While people are going through places of entertainment or worship and opening fire with semi-automatic weapons, we got busy celebrating a multi-country achievement dedicated to all of humanity.

I believe. That just happened. It really just actually happened. 

While people were complaining about $2.5 billion dollars wasted on thinking metal, we got busy looking at pictures of actual wheels of an actual car on an actual other planet.

Yup. There are those pictures, but on the big screen in the CMSA. It hit me like a concrete wall: I believe. I see it, and I believe it. It's there.

And now I can also believe with an intense satisfaction that what I — we —  did and still do with MER is real, too. It may have taken an overpowering experience of seeing a real achievement happen in real time to get me to believe this, but at least something did it. They say that you'll always remember the day you got married, the day your kid was born, and your first Mars landing. I'm not married, I don't have kids, but I now have a Mars landing under my belt. One day later, the nerves still aren't gone. I will sure as hell remember this day. 

Those pictures we look at every day — and boy, do I still peruse the MER pictures every day — are real. The dust-covered, low-resolution images from MSL's landing make this all the more apparent. Those images are really not even on this planet. That's really a car with wheels and solar panels and a crippled arm. It's real.

Now, I must keep calm, and I must carry on exploring. 

We have a new robot that's also doing real things, for real, on another real planet. A real robot with a real older cousin with 3000 real sols under its belt, with no desire or need or, might I say, ability to quit on its own. 

Here's to us. Here's to the people that believe in us.


*DDOR = Delta Differential One-Way Ranging. Gives us velocity of the spacecraft in a particular direction with incredible precision.
**The irony of this statement is not lost on me.

Sunday, August 5, 2012

Stunning and Comprehensive MSL Summary

Hey folks!

If you’re not aware that MSL is landing tonight, then here’s your announcement:


A colleague sent a very impressive summary of the landing system and sequence of events.

Check it out!

I will be watching right from the mission control center at JPL. I know you’re jealous.

Saturday, June 30, 2012

New and updates — and stirring the pot of rumors

How is Opportunity doing? Well… good. Prett-ay good.

Daily Solar Power Is Off the Hizzay

While I idly watch, MER-B's power is shooting through the roof: 600 Watt-hours* predicted. As a reference, we were soaking in about 250 W-hours at the dead of Martian winter (middle of March here on Earth). Tau — a measure of atmospheric opacity — is at an all-time mission low (which means clear skies), and we've had several significant dust cleaning events (which means clean solar arrays). This increase in power is all in spite of the now low northerly tilts that Opportunity is at — you know, the thing that kept her alive in the depths of winter.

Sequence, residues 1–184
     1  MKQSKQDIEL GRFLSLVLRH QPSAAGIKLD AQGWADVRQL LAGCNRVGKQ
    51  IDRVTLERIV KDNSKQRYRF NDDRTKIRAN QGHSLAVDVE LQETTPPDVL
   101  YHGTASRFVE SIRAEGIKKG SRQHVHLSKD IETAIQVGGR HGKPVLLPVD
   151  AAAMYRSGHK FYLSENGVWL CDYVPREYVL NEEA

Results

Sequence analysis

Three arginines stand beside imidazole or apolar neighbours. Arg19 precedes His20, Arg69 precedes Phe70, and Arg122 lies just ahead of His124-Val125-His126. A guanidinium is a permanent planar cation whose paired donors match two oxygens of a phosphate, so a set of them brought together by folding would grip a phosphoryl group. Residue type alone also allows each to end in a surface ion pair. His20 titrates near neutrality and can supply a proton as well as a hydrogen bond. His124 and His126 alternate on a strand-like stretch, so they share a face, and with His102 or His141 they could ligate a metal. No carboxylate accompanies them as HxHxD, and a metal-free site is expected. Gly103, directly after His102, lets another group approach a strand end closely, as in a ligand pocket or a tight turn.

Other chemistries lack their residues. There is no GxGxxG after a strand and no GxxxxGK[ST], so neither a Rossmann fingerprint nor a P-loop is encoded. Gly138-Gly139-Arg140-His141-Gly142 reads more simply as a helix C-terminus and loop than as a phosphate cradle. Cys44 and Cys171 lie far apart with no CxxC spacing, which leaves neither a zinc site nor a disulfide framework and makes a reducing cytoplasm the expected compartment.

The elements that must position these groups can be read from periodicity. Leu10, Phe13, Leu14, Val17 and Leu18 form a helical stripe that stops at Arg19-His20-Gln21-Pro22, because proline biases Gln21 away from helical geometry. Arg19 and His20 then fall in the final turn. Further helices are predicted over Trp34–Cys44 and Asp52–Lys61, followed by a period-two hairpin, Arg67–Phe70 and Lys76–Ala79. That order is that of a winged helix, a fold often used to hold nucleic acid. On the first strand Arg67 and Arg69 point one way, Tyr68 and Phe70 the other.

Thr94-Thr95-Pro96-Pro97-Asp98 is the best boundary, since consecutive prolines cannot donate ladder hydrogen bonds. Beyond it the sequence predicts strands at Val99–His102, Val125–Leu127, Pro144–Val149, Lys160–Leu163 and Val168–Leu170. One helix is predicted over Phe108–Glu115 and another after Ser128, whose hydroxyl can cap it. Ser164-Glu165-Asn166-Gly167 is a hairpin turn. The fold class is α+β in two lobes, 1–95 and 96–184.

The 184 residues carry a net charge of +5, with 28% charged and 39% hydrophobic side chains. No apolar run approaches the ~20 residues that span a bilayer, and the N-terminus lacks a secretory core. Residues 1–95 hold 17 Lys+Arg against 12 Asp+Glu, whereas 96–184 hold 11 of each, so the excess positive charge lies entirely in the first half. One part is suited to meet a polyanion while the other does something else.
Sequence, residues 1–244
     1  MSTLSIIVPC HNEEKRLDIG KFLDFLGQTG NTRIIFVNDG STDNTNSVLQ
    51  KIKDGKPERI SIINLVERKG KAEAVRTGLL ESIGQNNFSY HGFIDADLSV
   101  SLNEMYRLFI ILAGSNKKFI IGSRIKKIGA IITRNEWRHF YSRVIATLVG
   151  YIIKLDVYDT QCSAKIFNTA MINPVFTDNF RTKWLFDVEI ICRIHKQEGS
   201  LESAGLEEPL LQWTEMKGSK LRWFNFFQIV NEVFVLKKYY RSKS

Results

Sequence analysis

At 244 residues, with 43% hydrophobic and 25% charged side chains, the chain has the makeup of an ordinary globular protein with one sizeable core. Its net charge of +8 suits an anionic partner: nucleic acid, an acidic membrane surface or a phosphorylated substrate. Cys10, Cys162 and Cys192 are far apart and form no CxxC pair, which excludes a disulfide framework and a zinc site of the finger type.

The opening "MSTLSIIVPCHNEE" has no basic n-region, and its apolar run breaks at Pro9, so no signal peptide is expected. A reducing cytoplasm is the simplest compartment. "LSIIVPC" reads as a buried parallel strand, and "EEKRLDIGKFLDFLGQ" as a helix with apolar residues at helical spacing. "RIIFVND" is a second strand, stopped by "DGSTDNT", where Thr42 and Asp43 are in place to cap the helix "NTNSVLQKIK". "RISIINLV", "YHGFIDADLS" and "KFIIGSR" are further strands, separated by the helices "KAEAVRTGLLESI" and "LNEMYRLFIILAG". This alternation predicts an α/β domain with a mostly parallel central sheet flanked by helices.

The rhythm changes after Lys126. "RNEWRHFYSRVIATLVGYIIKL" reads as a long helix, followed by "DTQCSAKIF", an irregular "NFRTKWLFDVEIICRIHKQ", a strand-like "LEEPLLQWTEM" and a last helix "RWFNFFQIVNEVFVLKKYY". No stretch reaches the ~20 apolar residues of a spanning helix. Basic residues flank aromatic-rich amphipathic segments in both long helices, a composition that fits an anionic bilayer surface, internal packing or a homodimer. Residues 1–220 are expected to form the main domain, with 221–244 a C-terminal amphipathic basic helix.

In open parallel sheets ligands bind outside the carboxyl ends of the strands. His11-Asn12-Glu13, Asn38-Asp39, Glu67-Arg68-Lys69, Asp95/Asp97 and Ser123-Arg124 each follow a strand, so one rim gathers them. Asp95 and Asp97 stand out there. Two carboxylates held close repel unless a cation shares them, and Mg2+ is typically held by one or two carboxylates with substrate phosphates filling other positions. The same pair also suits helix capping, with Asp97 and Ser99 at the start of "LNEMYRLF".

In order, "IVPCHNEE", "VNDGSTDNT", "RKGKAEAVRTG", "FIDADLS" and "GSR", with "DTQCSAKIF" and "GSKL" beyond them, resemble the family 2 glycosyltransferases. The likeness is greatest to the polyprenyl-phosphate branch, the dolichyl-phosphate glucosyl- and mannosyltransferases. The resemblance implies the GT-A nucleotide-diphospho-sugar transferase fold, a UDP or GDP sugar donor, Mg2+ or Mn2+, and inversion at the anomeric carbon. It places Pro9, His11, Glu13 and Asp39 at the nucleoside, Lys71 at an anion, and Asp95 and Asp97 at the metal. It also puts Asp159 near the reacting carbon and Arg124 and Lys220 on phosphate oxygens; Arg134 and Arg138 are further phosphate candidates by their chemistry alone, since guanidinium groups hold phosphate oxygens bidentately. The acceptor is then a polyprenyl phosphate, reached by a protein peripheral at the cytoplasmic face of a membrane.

If I were so inclined to get in trouble, I'd post the watt-hours plot our Power team puts together. But I'm not so inclined! For that, we'll have to follow our glorious mission manager updates.

Opportunity's Location, Recent Activities, and Future Plans

Opportunity has been skirting the rim of the Cape York geological feature since she departed from her winter parking in the northern havens:

There's been a discovery of new Gypsum (errr, presumably Gypsum) veins:

And we've found a nice juicy spot for a RAT hole — a target named "Grasberg":

Unfortunately, the Mars Odyssey (ODY) spacecraft went into "Safe Mode" a few weeks ago. MER has always been incredibly reliant on ODY for data downlink via the relay chain, and when ODY goes down, MER has to stand down for a few sols. MRO also provides good relay support, but much more rarely than ODY. We have to schedule "passes" with these spacecraft strategically, i.e. weeks ahead of time, so that their teams can piece together their multi-week set of commands appropriately to handle the relay supports. Changing them tactically, i.e., the day of the relay pass or otherwise shortly before then, is a difficult process and things like geometry and spacecraft sequence engineering constraints can bite us.

There is a lot of so-called unsent data on board Opportunity that prevents the team from scheduling data-intense activities (like hi-res Pancams, MIs, or mobility data). As such the work on Grasberg and the surrounding territory is slow.

For the future: We plan to cross the skirt of Cape York to the north to look at the transitional layers (do I sound like a geologist yet?) thereon. Then, southward back from whence we came — to the first entrance into the Endeavour Crater on the south side of Cape York, and then further sound to Cape Tribulation. Betcha we get there before next Martian winter — those RPs are itching to drive the heck out of Oppy, and they're damned good at it, too.

A Mission Milestone -- Sol 3000 
According to my highly technical (read: I cheated and used SPICE again) analysis, Opportunity will hit Sol 3000 at 2012 JUL 02 01:51:32.572 UTC, or 2012 JUL 01 18:51:32.572 PDT.

Holy… what? Seems about right: I started work on the MER project nearabouts sol 2350, which was nearabouts July 2010. 

At the moment I'm not grasping what this really means… I haven't had the time to let it soak in yet. It's just unreal

Rest assured, the MER team is having a big get-together brunch this weekend to celebrate.

Allow me to stir the rumor mill!

I've received several emails asking me about my rumored move away from MER to the Mars Science Lab (MSL) project at JPL. Let me settle all the rumors now: Confirmed. In fact, I left the MER project about two months ago.

Much as I loved working on the MER program, opportunity (pun not intended) awaited me on MSL. It was not a decision that I made without a lot of careful thought — I sat around for a few months working up to actually making the decision. 

There are several good bits to come out of this move, however: